The other important piece to highlight is that BED is associated with numerous medical and psychiatric comorbidities.
In the absence of compensatory behaviours (e.g., as would be seen in bulimia nervosa), BED predisposes individuals to weight gain and obesity and, in turn, various negative health outcomes (e.g., cardiovascular disease, Type 2 diabetes mellitus, liver disease, kidney disease and sleep apnea, to name some) and a worse quality of life. On a societal level, obesity is also linked with higher economic costs.
BED is strongly associated with the development of various psychiatric and behavioural disorders.
BED is also strongly associated with the development of various psychiatric and behavioural disorders. In a national study of U.S. adults, 70 per cent of people with BED reported a lifetime comorbid diagnosis of depression; 59 per cent, an anxiety disorder; 68 per cent, a substance use disorder; and 22.9 per cent had attempted suicide (this last statistic from a different study). Similarly frightening numbers have been reported in youth. In a large American sample of teens age 13-18, those who met criteria for BED commonly had comorbid mood disorders (45.3 per cent), anxiety disorders (65.2 per cent), substance use disorders (26.8 per cent) or a behavioural disorder (12.6 per cent meeting criteria for attention-deficit/hyperactivity disorder, 32.8 per cent for oppositional defiant disorder, and 28.5 per cent for conduct disorder). Youth with BED are also at a five times higher risk of a suicide attempt.
So, let’s go back to the question I posed earlier: What images come to your mind when you hear the term, “binge eating disorder?” Do those mental images capture the difficult realities we just reviewed? I know that at least for me, that was not the case until I took a deeper dive into this topic. I invite you to visit Google Images, type in “binge eating disorder,” and see how it is depicted. What I came across was quite disturbing. Rather than empathically capturing lived realities of people with BED, I found image after image after image that trivialized the suffering; dehumanized subjects with cut-off heads and faces; and, I would argue, generated further feelings of shame. And just to drive the point home, try the images here and here. Other than some potentially helpful infographics, I would argue that few images come anywhere close to a more sensitive and thoughtful portrayal.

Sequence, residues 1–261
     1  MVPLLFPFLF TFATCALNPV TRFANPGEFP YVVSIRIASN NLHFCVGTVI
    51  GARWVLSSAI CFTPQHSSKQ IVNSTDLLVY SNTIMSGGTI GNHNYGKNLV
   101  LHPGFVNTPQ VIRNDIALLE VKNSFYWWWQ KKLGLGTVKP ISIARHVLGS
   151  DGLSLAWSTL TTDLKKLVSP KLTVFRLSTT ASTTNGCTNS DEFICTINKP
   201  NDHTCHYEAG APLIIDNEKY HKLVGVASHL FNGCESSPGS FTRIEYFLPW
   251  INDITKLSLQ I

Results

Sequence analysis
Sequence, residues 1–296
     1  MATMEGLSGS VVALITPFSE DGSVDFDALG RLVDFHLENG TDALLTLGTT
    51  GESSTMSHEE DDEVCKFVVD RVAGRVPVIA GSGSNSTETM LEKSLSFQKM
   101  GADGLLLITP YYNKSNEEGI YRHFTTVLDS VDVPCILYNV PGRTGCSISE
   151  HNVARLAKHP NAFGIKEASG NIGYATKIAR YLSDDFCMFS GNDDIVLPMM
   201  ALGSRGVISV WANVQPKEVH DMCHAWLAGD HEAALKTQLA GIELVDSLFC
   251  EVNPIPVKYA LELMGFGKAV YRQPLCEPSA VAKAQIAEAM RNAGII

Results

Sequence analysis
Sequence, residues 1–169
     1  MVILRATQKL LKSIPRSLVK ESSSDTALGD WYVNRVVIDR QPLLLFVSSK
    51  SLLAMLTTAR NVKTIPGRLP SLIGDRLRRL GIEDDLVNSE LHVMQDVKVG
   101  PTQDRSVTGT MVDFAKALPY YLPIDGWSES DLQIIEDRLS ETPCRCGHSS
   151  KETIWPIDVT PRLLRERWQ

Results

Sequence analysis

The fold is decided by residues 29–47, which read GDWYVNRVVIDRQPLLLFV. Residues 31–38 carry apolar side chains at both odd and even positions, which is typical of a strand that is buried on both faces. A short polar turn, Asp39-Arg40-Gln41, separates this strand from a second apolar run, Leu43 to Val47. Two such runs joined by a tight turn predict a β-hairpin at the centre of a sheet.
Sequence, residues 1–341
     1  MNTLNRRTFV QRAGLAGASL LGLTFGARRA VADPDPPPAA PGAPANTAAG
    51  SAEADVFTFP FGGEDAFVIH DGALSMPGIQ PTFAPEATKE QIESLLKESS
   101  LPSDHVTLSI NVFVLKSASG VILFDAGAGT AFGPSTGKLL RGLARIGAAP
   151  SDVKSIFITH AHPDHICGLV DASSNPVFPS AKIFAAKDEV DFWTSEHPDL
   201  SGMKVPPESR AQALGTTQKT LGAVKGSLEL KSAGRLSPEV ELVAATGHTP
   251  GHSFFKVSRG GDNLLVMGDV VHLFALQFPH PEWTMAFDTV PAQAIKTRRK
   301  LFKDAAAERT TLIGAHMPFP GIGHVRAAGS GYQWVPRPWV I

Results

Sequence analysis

People living with BED deserve a respectful and compassionate representation in our collective consciousness, along with appropriate, accessible and trauma-informed treatment and support.
Our health-care system is limited in terms of what it offers to people with BED, with or without obesity or other sequelae. But I want to end by leaving you with additional resources to inform and empower you – be it in your capacity as a person struggling with binge eating; a friend or relative of someone who may be living with binge eating; or a health-care provider who interfaces with children, youth and adults suffering from BED.
A few good websites to check out are the National Eating Disorder Information Centre (NEDIC) and the National Eating Disorders Association (NEDA). I also really like the Kelty Mental Health website that also features a self-help guide for people living with BED.
Health-care providers may find it useful to look at some screening tools, including the U.S. Preventive Services Task Force recommendations; this basic screening questionnaire for disordered eating; and some BED-specific screening questionnaires (this one for adults; this one for adolescents). For patients living with BED and obesity, some good communication tools include the 5A model – with a short primer adapted to the primary care setting and more detailed resources on Obesity Canada.
Treatment for BED involves a combination of psychotherapy (with evidence favouring CBT and structured self-help) and pharmacotherapy (with reasonable data on lisdexamfetamine or SSRIs). Given the high prevalence of obesity among people with BED, a referral to a specialized obesity management program may be warranted. And finally, given the high burden of trauma and mental illness among people with BED, special attention should be paid to screening for and addressing these comorbidities.
Lots of food for thought, I hope.
This post was previously published on HEALTHYDEBATE.CA and is republished under a Creative Commons license.